This week’s parasha opens with Moshe’s passionate prayer to Hashem: “I pleaded with the Lord at that time, saying… Let me, I pray, cross over and see the good land on the other side of the Jordan, that good hill country, and the Lebanon."
In just a few short weeks, Am Yisrael will cross the Jordan and enter the land of Israel and Moshe is desperate to join them. Despite the punishment handed down to him at Mei Mereiva, and even though a new leader has been appointed in his stead, Moshe holds on to a glimmer of hope and passionately pleads for the verdict to be overturned. In fact, according to the Midrash, Moshe petitioned Hashem no less than 515 times to allow him to enter the land of Israel (like the numerological value of the Hebrew word ve’etchanan).
Passion and optimism notwithstanding, Moshe’s prayers do not yield the outcome he had hoped for. To the contrary, he elicited an angry response from Hashem: “Never speak to Me of this matter again”.
This conversation between Hashem and Moshe is puzzling and painful. Why is Moshe’s request rejected? Moshe is Hashem’s faithful messenger who has dedicated his life to lovingly leading the nation. Why is Hashem so adamant that Moshe cannot enter the land?
The nation, as a collective, is not just the sum of its parts. It comprises its own unique entity, and the honor due to this entity is binding.
The Ran writes that the issue at stake was the honor of Am Yisrael. Moshe’s accusatory statement at Mei Mereiva - “Listen you rebels!” - was not just a personal affront to a group of people. It was an indictment of the entire nation.
The nation, as a collective, is not just the sum of its parts. It comprises its own unique entity, and the honor due to this entity is binding. In a similar sense, the Shita Mekubetztet explains that even if a king forgoes the honor due to him, his honor is not foregone, because his honor is not personal. On a halakhic level, the king’s honor is actually the honor of the collective - of the nation in its entirety - which is absolute and cannot be foregone.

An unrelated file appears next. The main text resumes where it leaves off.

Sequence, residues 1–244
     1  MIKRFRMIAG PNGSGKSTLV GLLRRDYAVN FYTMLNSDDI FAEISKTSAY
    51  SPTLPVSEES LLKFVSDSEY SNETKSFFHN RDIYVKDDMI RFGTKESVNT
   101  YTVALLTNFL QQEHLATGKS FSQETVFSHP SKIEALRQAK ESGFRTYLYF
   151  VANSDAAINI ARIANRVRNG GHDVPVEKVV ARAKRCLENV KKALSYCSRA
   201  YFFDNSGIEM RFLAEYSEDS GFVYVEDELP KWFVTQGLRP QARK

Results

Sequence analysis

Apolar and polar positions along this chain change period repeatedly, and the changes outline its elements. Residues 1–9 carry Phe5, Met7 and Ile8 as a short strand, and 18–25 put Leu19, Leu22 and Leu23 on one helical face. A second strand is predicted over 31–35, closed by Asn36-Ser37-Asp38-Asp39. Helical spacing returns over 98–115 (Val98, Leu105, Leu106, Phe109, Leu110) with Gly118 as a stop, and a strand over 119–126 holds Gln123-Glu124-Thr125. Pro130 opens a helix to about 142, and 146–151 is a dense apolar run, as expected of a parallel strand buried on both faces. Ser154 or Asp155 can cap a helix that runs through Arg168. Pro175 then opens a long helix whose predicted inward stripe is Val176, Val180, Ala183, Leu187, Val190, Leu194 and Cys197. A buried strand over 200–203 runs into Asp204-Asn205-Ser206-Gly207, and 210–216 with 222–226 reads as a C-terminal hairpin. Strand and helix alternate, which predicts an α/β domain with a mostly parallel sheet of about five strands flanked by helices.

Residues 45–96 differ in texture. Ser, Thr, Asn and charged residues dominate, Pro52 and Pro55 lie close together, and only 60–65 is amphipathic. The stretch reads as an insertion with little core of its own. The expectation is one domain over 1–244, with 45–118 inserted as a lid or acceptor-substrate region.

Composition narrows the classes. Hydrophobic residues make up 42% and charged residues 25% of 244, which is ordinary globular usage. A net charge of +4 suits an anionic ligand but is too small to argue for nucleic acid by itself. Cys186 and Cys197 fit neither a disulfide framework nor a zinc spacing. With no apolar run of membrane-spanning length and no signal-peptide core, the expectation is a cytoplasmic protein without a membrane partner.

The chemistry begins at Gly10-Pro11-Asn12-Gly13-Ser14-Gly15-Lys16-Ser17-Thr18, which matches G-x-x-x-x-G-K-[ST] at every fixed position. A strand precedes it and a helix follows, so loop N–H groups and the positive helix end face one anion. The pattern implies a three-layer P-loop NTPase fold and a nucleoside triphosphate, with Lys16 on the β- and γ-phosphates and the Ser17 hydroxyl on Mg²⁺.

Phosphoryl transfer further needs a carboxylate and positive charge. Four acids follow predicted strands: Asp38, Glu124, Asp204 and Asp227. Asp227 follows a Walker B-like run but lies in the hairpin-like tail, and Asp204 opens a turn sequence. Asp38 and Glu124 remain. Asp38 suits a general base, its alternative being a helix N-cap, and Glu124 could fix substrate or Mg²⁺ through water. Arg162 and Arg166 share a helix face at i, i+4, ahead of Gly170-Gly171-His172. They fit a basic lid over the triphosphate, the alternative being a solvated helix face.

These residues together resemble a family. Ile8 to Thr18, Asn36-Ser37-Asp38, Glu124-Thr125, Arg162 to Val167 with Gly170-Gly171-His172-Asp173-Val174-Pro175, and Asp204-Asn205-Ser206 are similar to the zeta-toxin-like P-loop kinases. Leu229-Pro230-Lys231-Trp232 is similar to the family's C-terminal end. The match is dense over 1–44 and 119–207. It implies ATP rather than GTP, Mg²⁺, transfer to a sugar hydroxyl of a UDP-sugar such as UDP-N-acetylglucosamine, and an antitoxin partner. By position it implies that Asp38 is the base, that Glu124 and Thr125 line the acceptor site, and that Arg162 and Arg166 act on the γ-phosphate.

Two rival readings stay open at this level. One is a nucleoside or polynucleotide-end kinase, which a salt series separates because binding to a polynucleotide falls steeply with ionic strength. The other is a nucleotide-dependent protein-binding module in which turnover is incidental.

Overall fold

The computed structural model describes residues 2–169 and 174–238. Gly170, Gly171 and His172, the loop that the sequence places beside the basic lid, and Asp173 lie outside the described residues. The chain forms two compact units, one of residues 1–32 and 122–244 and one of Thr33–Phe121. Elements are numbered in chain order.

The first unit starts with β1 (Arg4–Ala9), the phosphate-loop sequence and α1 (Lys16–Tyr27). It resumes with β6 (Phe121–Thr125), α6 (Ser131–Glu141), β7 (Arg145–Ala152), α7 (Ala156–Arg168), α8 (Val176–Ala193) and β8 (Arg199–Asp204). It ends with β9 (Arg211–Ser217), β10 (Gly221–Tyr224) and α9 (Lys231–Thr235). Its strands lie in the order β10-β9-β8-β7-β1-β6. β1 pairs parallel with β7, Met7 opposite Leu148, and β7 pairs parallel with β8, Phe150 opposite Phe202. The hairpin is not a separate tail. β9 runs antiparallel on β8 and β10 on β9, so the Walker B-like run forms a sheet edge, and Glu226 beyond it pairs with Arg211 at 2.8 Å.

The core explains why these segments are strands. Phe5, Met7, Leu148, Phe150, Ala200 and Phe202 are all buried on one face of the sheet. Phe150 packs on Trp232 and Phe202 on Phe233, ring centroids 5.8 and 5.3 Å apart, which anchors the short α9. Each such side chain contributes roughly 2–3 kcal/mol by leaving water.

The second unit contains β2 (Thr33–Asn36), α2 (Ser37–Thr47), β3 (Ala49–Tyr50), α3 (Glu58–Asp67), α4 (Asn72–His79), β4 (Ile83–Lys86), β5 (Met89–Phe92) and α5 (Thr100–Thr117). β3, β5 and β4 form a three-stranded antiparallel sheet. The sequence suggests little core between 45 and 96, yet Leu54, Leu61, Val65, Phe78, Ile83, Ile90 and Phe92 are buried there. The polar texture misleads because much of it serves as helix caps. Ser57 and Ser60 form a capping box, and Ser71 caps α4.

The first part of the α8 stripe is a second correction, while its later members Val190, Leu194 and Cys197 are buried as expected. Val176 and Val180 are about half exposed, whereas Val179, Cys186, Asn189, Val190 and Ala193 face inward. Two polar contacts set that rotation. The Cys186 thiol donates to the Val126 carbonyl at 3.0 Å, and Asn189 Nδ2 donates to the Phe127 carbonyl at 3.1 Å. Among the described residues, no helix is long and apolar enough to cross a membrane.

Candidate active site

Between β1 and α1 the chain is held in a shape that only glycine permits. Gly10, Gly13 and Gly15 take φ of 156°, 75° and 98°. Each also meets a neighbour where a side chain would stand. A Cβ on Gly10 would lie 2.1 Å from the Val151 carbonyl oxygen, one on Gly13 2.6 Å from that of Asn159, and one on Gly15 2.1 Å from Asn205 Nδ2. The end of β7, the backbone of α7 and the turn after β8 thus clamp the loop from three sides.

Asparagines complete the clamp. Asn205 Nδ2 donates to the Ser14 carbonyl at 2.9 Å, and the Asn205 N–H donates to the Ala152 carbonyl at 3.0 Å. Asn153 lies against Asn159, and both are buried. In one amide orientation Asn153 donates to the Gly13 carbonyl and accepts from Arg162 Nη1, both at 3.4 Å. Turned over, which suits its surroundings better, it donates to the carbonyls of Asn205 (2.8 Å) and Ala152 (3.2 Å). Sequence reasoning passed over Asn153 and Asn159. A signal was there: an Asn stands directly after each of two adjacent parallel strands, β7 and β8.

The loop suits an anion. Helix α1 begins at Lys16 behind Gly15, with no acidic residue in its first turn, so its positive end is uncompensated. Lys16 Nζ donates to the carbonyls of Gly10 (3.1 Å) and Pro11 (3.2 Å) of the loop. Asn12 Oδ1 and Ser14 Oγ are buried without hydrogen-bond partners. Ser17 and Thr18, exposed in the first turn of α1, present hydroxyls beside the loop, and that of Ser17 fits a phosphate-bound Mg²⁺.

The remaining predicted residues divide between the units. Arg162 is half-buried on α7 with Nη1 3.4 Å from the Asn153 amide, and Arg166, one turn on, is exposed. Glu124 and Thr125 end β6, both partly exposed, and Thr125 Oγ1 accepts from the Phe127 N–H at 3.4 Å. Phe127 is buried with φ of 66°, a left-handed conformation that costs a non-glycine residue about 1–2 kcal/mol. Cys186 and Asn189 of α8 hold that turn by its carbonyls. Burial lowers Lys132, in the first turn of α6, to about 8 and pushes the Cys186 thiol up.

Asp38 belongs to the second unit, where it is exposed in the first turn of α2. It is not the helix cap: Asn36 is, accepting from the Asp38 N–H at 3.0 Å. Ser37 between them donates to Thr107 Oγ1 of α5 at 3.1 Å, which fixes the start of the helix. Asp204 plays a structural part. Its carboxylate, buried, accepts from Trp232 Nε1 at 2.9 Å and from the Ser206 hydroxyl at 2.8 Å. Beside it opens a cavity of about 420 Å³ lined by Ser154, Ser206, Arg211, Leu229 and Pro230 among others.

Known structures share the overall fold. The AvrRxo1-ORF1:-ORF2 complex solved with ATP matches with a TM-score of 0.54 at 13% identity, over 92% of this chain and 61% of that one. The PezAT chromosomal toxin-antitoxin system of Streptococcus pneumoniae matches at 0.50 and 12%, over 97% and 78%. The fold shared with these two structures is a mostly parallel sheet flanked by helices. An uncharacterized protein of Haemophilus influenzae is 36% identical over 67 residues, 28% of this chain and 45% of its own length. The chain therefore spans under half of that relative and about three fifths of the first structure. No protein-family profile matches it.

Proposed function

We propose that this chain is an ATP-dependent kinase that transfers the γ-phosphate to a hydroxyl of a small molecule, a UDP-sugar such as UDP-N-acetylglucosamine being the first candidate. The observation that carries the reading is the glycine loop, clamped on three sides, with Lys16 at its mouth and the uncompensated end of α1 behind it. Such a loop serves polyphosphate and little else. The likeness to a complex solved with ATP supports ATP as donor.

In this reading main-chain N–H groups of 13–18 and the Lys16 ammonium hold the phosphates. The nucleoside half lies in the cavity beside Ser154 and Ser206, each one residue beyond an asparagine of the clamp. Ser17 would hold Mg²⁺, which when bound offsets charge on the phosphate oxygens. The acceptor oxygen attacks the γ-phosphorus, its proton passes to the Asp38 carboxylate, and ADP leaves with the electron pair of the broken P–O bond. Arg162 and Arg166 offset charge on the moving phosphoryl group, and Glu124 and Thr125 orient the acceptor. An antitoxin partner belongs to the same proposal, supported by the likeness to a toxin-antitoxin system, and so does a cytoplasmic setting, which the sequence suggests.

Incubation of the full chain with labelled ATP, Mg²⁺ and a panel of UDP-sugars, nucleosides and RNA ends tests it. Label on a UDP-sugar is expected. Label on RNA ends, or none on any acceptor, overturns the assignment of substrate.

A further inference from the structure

This concept of the unique entity of Am Yisrael finds expression in other areas of Jewish thought and practice. In Tehillim it is written “If I do not raise Yerushalayim above my most joyful occasion”. The Nefesh Hachaim comments that Yerushalayim is really a reference to the collective of Am Yisrael. When a couple marries, one of their goals is to rebuild the destroyed wreckage of Yerushalyim. Under the chuppah, the chatan and kallah are not really celebrating their personal and private moment of happiness. They are actually building another layer of the nation and adding another tier to the greater entity of Am Yisrael.
Similarly, the Ra’avad (Ba’alei Hanefesh) notes that we recite the berachah of “yotzer ha’adam” under the chuppah, rather than when a baby is born, because it is at this point that a person becomes complete and sees beyond himself. The most authentic expression of personhood is when an individual connects to something greater than himself and realizes the role that he can play in harnessing and enhancing the honor and the strength of the collective.
In moments of pain and in moments of happiness, the collective of the nation represents the resolute strength and binding honor that defines us as a people. When Hashem rejected Moshe’s pleas, He was neither rejecting Moshe nor denying his loyal service. A close reading of the verse demonstrates this explicitly: “But the Lord was wrathful with me for your account”. By rejecting Moshe’s prayers, Hashem was maintaining and enhancing the unique honor of the collective of Am Yisrael.
Rabbi Yaakov Shapira is the Rosh Yeshiva of Yeshivat Mercaz HaRav in Jerusalem